Don’t rescue, don't overly identify. Do stay in your power, model empowerment by caring for yourself, and support others to do the same.

On My Nightstand
Empowered by Empathy

I recently finished reading Empowered by Empathy, by Rose Rosetree. The most striking aspect of the book is the gradual realization that as sensitives and empaths, we use our empathy so frequently. Think about the conversations when you are in sync with another being. Your words flow in a state of grace, dancing together almost as one. Rosetree would call that "Joining In Spirit" or "Holding a Space," two skills she teaches empaths to do deliberately. (We already do it unconsciously.) This is an important part of "making it conscious," another of my recommendations to sensitives working to stabilize their empathic ability. The key is doing it on purpose, not by default. That's what gets overwhelming about being empathic. The difference is between being a "natural" empath and a "skilled" empath. And it's a big one.

Rosetree also describes many different types of empathy, which is helpful if you're looking to better understand your gifts. Another particularly useful chapter is the one on grounding, which I believe is critical for a sensitive soul to master. See also my August 2004 e-zine's Tips for Sensitive Souls called, "Get Grounded."

I give the book four stars.

Book available from Amazon.com: ->

On the Blog

The Chameleon Conundrum
Chocolate Cake Metaphors
Intuitive Living
Are You a "Contradictory" Sensitive Soul?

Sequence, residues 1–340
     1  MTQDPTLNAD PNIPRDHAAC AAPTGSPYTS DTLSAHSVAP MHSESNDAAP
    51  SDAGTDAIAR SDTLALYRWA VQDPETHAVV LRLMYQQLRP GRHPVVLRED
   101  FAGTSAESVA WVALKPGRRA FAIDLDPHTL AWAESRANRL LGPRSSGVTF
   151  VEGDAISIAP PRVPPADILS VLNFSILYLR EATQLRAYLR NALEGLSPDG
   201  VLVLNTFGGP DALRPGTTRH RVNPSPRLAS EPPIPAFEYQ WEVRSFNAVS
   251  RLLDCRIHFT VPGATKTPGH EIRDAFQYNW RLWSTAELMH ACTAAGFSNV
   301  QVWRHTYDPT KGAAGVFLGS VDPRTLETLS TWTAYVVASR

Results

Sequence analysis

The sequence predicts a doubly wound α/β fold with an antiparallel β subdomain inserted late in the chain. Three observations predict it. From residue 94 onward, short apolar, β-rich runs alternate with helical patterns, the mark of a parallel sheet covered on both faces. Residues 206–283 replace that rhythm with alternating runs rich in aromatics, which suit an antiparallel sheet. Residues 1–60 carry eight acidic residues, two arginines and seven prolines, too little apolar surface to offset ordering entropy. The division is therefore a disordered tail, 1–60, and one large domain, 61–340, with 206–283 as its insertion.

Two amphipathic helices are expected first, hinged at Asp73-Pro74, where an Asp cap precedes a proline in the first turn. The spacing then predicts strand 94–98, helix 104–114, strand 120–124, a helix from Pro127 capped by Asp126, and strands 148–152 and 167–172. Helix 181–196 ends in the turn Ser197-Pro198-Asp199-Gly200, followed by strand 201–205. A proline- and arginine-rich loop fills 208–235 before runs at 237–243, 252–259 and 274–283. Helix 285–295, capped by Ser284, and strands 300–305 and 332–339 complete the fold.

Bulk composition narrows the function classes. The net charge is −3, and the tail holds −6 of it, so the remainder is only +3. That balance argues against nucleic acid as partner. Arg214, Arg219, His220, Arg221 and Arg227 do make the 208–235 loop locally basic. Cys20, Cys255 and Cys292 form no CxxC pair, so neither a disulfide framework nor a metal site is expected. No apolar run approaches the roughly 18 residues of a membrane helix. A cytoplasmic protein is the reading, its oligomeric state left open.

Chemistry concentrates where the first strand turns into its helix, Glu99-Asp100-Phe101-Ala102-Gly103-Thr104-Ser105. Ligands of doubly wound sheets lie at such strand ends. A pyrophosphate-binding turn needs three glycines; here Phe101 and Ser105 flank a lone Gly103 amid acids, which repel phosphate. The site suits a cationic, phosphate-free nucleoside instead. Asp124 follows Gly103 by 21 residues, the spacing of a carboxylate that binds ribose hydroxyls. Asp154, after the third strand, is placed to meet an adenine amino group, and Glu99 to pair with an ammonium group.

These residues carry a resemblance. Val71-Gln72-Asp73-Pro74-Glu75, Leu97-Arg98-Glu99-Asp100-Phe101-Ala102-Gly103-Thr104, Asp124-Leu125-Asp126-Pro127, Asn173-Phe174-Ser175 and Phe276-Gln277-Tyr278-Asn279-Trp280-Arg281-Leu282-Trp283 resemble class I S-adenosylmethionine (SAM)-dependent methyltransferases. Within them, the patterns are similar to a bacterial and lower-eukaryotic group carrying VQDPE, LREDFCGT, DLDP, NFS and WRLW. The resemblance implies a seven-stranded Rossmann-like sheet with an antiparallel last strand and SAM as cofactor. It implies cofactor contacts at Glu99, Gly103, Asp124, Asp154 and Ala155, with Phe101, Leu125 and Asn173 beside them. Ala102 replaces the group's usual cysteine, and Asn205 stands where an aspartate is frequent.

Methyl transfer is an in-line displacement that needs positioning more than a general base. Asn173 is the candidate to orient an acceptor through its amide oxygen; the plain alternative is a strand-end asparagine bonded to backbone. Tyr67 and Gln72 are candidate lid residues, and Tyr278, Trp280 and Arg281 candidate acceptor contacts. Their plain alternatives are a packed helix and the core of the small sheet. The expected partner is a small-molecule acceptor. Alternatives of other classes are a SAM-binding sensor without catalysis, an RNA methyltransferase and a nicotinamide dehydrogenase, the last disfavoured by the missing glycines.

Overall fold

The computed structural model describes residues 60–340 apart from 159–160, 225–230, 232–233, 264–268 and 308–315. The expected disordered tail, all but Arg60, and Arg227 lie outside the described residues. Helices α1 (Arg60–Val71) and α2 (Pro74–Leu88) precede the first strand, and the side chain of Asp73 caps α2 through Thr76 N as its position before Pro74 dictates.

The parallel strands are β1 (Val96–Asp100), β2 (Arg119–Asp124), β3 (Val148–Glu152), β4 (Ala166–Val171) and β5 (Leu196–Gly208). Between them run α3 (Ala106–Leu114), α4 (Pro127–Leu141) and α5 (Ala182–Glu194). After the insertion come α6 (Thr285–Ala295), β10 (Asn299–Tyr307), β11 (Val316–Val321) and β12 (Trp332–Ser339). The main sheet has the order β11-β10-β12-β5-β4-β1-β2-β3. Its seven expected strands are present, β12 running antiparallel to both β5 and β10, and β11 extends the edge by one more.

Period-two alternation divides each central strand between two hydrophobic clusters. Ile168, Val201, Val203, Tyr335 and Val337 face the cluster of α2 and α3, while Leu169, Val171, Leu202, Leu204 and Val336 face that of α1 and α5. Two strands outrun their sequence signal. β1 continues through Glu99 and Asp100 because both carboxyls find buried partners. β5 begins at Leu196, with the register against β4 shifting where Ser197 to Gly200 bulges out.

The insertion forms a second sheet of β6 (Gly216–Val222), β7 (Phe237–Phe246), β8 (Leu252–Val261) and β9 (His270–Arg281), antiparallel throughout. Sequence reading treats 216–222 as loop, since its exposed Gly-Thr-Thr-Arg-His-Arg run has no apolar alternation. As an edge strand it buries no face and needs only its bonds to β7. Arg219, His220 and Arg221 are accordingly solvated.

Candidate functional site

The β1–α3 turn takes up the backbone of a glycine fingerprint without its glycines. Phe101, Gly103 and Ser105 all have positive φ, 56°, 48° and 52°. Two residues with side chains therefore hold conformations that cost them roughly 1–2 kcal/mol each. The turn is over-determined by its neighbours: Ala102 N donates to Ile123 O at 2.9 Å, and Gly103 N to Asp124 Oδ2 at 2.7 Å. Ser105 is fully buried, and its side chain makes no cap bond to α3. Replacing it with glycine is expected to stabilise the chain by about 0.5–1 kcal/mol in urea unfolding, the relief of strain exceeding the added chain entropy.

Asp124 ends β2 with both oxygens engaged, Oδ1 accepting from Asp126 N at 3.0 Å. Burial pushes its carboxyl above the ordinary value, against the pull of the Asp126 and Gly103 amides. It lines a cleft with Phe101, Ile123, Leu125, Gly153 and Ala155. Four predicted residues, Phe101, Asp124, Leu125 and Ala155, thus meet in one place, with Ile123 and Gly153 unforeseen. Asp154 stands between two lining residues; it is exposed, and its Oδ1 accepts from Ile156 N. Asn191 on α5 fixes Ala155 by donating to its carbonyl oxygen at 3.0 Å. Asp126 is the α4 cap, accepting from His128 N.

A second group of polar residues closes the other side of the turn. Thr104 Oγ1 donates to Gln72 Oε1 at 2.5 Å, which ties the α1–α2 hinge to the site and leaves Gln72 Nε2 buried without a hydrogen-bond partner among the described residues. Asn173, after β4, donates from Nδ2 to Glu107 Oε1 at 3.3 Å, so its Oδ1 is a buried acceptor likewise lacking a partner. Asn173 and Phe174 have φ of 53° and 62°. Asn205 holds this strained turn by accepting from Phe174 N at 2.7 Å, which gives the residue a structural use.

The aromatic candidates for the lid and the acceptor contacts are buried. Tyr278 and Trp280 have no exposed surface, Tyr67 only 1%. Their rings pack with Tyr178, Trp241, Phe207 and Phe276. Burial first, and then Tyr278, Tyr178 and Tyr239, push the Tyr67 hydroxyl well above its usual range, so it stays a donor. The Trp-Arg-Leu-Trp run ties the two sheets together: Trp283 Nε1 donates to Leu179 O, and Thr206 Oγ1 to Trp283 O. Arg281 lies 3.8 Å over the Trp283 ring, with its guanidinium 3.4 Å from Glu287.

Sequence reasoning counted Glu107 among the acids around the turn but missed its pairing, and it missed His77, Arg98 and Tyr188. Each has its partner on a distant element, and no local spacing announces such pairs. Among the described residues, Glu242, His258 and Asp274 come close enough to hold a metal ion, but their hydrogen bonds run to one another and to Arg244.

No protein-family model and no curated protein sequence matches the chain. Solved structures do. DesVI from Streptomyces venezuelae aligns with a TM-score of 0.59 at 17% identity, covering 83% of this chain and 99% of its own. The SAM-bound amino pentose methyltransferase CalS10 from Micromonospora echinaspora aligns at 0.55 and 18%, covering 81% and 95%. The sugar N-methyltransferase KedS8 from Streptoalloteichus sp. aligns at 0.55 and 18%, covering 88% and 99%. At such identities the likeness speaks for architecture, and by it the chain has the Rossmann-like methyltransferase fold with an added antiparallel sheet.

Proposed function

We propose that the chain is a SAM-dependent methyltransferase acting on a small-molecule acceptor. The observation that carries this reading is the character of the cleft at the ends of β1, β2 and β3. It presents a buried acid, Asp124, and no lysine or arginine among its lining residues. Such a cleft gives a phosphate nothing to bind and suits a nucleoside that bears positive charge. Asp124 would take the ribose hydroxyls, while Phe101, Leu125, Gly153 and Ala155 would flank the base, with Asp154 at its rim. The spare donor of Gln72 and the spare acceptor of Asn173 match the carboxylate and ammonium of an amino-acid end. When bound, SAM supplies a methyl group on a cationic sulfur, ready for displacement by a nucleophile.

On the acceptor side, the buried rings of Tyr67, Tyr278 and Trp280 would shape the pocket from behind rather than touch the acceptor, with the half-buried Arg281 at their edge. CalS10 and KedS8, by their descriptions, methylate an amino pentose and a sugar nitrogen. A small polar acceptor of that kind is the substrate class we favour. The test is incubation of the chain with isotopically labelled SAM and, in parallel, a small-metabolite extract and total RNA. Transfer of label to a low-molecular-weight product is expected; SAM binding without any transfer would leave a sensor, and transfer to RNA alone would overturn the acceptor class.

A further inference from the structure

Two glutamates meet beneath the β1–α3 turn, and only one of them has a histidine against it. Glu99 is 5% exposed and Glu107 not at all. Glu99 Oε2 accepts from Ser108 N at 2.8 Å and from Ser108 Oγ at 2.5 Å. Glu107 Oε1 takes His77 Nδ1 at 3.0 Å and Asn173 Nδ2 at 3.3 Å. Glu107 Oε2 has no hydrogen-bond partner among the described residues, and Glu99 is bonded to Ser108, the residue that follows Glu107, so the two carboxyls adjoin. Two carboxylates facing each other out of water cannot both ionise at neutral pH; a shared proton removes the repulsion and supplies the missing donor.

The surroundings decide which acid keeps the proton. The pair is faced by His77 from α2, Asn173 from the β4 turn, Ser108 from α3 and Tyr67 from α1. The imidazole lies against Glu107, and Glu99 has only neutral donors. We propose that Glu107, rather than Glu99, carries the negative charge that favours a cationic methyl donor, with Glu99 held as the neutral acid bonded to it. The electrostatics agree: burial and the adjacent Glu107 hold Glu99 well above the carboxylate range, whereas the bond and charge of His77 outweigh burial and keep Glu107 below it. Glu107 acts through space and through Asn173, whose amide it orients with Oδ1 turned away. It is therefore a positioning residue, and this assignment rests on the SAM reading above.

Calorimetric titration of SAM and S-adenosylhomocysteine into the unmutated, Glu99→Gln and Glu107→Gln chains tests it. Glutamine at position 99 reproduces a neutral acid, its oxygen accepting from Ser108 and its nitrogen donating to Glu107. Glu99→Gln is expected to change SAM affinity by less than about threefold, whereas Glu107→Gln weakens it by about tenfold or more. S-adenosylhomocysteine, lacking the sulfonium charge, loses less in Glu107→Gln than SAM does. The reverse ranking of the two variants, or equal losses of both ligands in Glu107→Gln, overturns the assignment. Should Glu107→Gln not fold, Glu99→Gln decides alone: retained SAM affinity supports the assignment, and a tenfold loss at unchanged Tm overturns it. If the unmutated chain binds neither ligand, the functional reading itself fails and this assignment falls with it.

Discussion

Resources for Empaths

Tips for Sensitive Souls
Flowing Water Creates Flow

Water is a balancing element for sensitives. It calms our emotions, grounds and centers us, and helps protect us from outside influences. I made a small fountain in my office, to keep emotion flowing through my space rather than remaining stuck in it. This way, I don't have to do all the work of holding the space for the feelings that come up with clients.

How to Make a Simple Indoor Fountain

Materials needed: A ceramic bowl of approximately 3 inches deep by 12 inches in diameter; a pump (I used a Beckett Small Submersible 60 GPH Fountain Pump from www.homedepot.com); lots of rocks and flat stones; some short sections of flexible vinyl tubing (about 6 inches each of ¼-inch, 3/8-inch, and ½-inch ID tubing -- ID means "inside diameter"); and optional decorations or plants like moss and ferns. Since I bought only the bowl and pump, my cost was around $40. I collected obsidian rocks, which are also good for emotional protection, near Mt. Shasta in the national forest area where rock collecting is permitted.

Set up the bowl by filling it with water and putting in the pump. It may spray water when you plug it in, so be ready to unplug it. Plug it in and adjust the flow control to create a low flow. Then stack your stones around in the bowl. You can use the tubing to direct the water flow to a certain spot, and create a stream if you like. I ended up not using tubing, and instead directed the pump upwards toward a rock so the water trickles off the underside. You'll probably want to play around and rearrange the rocks for a while to create a sound you like. Then add decorative objects and plants. I used spider plants, trimmed off a few of the sections that hung down, and placed them into the water at the edge of the bowl. You can periodically drain the water using a length of tubing and replace it with fresh water, since the rocks aren't fixed in place. I add fresh water every week. Make sure you have a grounded outlet to plug it into, and you're set. Enjoy!